While most public areas of the world are closed to visitors, zoo and aquarium owners are not able to just shut up shop during a pandemic.
As well as feeding and caring for their charges, Texas State Aquarium have come up with a 'training and enrichment' programme for their animals - and it's resulted in possibly the oddest meeting of mammals ever.
For the first time Chico the sloth was introduced to resident dolphins, Liko and Schooner, as the animal's enrichment regime.
While it might seem like a very delayed April 1st story, it's a huge undertaking. Moving animals, exercising and keeping them used to human interaction is an important part of the programme that cares for 13,000 animals comprising and over 460 species, including a pair of resident Linnaeus' two-toed sloths Xena and Chico.
It's led to some of the strangest encounters of animals that never would have happened in the wild.
Understandably the dolphins were eager to get a look at Chico, though he was a little more laid back about the experience.
"In true sloth fashion, Chico was pretty sleepy when we brought him to our underwater view to meet the dolphins, but he did open his eyes a few times to check them out," Seamus McAfee the Aquarium's head of marketing and comms told Insider magazine.
It's provided plenty of opportunities for photos, which have been shared with the would-be visitors to the aquarium online.
"Our four dolphins — Shadow, Kai, Liko, and Schooner — often get opportunities to meet other Aquarium residents as part of their enrichment, and in the past they've gotten to meet baby gators, an African serval, a red-tailed boa, and others," said McAfee.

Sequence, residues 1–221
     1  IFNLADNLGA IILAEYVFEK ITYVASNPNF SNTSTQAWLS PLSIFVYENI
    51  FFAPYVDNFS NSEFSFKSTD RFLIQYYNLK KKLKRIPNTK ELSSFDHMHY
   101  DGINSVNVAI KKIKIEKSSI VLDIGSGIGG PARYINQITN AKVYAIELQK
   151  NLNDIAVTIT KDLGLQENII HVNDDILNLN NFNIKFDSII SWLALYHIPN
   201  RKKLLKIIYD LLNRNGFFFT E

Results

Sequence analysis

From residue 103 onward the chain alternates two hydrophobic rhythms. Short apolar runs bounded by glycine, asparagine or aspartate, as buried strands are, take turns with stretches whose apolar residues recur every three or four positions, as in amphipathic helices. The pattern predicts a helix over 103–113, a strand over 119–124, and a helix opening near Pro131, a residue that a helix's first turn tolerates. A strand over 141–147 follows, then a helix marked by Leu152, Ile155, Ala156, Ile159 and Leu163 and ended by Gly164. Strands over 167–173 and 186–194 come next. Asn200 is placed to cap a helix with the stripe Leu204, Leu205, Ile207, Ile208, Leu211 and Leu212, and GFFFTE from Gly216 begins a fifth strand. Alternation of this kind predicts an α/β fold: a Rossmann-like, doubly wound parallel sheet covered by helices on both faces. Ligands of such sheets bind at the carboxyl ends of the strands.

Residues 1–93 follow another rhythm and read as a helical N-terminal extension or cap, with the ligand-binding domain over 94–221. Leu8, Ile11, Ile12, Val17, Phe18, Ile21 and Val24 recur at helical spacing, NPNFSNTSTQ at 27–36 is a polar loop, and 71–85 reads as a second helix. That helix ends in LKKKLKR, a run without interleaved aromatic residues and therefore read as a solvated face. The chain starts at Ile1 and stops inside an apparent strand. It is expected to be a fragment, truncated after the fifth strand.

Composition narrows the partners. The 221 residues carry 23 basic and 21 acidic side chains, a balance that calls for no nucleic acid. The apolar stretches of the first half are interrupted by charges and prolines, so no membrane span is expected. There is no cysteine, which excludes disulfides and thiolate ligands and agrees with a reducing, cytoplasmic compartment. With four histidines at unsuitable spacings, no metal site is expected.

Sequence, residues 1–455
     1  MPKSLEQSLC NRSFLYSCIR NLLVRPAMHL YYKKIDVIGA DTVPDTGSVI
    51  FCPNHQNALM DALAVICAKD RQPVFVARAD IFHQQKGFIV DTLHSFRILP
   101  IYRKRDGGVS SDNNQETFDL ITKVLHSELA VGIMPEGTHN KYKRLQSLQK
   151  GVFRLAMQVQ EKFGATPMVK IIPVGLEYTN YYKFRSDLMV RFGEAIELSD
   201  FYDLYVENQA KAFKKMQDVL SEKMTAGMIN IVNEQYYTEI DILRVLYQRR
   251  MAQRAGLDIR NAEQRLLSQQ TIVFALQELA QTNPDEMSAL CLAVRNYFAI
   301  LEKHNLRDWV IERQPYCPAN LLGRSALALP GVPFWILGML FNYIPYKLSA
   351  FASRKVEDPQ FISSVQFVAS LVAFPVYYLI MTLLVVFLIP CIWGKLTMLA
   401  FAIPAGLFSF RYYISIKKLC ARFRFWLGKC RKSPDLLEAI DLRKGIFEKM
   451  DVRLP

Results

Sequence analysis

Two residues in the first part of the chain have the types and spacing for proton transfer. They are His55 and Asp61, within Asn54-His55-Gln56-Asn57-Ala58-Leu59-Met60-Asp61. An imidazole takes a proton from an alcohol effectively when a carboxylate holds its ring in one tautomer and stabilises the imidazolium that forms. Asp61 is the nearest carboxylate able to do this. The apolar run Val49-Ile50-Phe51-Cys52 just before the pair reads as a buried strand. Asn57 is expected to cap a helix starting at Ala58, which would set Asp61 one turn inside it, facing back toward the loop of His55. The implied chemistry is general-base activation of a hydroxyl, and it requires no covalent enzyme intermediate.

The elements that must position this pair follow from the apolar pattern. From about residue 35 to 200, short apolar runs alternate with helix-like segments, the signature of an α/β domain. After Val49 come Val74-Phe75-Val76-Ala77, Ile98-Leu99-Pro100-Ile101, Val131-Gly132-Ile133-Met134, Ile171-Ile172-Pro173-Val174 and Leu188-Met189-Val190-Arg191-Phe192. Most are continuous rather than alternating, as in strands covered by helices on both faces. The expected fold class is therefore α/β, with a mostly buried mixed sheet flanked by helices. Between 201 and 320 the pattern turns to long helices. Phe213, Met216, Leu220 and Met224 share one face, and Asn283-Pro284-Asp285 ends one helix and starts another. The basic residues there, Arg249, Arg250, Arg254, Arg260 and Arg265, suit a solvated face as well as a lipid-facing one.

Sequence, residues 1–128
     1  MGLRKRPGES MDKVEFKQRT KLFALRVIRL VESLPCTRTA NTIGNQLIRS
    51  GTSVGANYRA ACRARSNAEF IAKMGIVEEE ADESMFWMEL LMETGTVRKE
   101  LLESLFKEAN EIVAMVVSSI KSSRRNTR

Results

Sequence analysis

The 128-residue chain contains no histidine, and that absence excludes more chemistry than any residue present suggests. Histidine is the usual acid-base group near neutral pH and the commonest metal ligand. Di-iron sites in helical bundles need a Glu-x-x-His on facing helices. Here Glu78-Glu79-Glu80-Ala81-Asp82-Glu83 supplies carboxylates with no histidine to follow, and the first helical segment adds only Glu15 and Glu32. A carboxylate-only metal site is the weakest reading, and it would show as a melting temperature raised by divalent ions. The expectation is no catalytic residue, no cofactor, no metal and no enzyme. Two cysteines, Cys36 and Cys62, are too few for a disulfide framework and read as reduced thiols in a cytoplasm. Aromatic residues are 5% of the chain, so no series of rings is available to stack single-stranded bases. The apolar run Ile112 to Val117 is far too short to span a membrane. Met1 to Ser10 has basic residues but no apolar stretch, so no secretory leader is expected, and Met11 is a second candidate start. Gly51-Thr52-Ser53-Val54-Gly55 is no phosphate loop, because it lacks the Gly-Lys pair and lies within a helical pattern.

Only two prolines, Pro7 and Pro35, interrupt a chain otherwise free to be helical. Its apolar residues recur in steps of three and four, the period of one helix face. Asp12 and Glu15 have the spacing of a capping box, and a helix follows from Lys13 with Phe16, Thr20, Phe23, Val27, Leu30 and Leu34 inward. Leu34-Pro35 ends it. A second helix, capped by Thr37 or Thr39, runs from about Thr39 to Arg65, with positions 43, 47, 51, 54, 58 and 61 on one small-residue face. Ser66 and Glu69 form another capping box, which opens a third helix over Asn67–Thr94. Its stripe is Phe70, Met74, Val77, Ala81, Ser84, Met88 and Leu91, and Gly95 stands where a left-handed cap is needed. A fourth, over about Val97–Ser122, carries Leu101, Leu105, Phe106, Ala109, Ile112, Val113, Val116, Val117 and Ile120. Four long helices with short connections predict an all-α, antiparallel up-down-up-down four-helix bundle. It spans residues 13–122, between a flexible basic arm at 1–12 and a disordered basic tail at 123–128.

While some fish and mollusks require less TLC during lockdown many animals, including dolphins require stimulation from encounters and training.
The birds of prey in particular need opportunity to stretch their wings and rehearse falconry shows, that would normally be performed in front of the public. Now it's more about giving the birds a chance to simulate hunting for their food and keep "active in body and mind."
You might think life in lockdown would be a familiar situation for captive animals, but zookeepers around the world are reporting the same thing: the animals are missing the company of humans.
In Wellington Zoo the creatures have gotten so used to having an audience, they have begun looking for people.
"Some of our animals are looking for people, like the tigers," spokesperson Ash Howell told the Herald.
Zookeepers are having to carry out a range of "behavioural enrichment activities" to keep the animals stimulated during the lockdown.
"We've noticed they are more interested in our keepers when they are working with them in the mornings, which is probably indicative of them not seeing visitors or other staff as much.
"Our chimpanzees and otters also seem to have noticed a lack of visitors."
However for the animal carers and zookeepers, the animal contact has been welcome too.
"We have seven teams operating independently on site; with members of each team also maintaining physical distancing from each other. We have split our teams into two groups, each working three days at the zoo followed by three days at home."
- With additional reporting by Melissa Nightingale